Oct 15 2015

Children and pet loss

Death is a confusing concept for children, and the passing of a family pet is often a child’s first experience with loss and grief. Since many children have sibling-like relationships with their pets, the loss is significant and can be difficult for them to manage on their own. Parents, however, are grieving the loss, too, so many may struggle with helping their children understand and work through these new emotions.

Helping children cope with loss
Grief is a process, not an event, and it can look different in children than it does in adults. The stages of grieving can last days, weeks, or even months. Pets are often seen as family members, and it’s normal to be sad when a family member dies.

Don’t hide your sadness from your children. It will provide comfort for them to know you are grieving together as a family. Shedding a few tears together is healthy and therapeutic. Ask your children how they feel and help them reflect upon good memories and funny stories.

There are many ways you can help your children cope with the loss of a pet. Here are some ideas:

Reading
As a veterinarian and a parent, I have too often encountered grieving children after the loss of a pet. To help, I wrote Being Brave for Bailey, a book about Bailey, a pet who is old, sick, and dying and is brought to the vet to be euthanized because he is suffering.

Bibliotherapy: the use of reading materials for help in solving personal problems or for psychiatric therapy. —Merriam-Webster Dictionary

Being Brave for Bailey explains the concept of euthanasia through pictures and gentle terms, providing a foundation for discussion. After reading the book, children often have questions about Bailey and the decisions that are made by his family and veterinary caregivers. I encourage parents to use the book as a segue to discuss a family pet’s similar condition, and, in some cases, the tough decisions that may need to be made to ameliorate suffering and pain.

Commemorating
In my practice, I’ve also seen some great send-offs for pets, which help the families cope with their grief. Several of my clients have hosted “Celebration of Life” and “Bon Voyage” parties for their pets. They made their furry friends special steak dinners and gave close friends and family an opportunity to say goodbye and share happy memories and stories.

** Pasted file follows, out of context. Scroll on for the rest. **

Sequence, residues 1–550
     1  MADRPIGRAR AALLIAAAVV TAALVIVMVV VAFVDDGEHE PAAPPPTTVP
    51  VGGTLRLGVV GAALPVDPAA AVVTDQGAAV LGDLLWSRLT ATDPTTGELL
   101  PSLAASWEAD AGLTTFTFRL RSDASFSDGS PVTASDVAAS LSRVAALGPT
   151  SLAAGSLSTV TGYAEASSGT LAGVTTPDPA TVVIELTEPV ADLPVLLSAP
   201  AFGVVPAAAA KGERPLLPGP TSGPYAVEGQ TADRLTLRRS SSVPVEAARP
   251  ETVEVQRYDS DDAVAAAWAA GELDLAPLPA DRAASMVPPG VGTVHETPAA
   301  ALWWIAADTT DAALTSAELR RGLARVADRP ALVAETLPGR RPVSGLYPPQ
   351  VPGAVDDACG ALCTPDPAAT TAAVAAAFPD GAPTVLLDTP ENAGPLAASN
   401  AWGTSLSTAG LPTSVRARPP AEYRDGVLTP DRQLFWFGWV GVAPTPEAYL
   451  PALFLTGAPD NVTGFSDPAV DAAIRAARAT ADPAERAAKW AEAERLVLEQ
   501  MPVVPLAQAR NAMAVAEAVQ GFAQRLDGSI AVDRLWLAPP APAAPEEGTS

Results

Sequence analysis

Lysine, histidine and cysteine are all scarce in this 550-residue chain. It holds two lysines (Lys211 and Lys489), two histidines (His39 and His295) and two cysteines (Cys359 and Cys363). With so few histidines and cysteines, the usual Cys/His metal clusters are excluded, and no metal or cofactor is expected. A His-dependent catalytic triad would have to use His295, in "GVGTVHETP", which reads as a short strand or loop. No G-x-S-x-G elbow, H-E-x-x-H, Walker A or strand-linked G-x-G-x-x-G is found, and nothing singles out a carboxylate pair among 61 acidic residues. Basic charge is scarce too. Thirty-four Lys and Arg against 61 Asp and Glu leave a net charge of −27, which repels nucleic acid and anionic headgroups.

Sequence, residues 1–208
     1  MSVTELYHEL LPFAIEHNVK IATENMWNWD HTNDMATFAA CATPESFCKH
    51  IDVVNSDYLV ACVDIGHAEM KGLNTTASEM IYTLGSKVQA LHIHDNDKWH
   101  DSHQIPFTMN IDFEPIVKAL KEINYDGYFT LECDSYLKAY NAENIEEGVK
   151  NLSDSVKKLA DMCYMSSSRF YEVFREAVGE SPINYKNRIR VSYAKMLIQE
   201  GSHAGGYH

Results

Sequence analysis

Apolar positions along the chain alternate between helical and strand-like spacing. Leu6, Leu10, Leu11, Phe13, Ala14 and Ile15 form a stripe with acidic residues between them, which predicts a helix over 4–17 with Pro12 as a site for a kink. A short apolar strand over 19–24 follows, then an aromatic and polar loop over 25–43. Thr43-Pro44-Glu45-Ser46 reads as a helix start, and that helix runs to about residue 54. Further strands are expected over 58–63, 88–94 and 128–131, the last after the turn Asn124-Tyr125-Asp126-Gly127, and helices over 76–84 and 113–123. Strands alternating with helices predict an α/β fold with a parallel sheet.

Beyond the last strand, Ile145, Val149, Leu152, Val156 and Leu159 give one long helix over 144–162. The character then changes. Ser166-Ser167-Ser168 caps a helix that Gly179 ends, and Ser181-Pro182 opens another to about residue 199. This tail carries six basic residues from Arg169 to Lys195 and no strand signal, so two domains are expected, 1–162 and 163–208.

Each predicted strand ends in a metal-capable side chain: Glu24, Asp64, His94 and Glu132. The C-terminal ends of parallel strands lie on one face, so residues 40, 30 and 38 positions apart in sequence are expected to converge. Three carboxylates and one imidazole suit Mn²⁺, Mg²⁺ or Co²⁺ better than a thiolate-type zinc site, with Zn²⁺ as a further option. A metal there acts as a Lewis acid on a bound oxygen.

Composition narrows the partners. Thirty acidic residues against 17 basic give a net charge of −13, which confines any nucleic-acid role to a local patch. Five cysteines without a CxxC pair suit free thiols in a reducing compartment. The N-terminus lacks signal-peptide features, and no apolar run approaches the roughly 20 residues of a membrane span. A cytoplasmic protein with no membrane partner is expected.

Other honoring ideas include naming a star after a pet; creating a shadow box with a collar, tags, photos, and possibly a clay paw print; writing a poem for or about the pet, or drawing or painting a picture.

Planting a tree or a flower bed in your pet’s honor provides a pleasant experience and a feeling of new beginning. Older children and adults may enjoy creating a website or social media page to memorialize their pets. Younger children may find comfort in making a bracelet or necklace that spells a pet’s name.

The heartache of losing a family pet can feel unbearable. I recommend using an honest, loving, and supportive approach with young children and remembering that every child will mourn differently. It won’t be easy, but when an open discussion is handled in tandem with love and support, it will build character and strengthen the family bond.

The deeper your loss is now, the greater your joy was with your pet. Time, and the ideas mentioned above, will help the whole family get through their emotions, leading to smiles and happy memories for all.

Corey Gut, DVM works for AAHA-accredited DePorre Veterinary Hospital, located in Bloomfield Hills, Mich. Copies of Being Brave for Bailey are available to purchase or donate at beingbraveforbailey.com.

www.aaha.org/blog/petsmatter/post/2015/10/08/297778/Children-and-pet-loss.aspx

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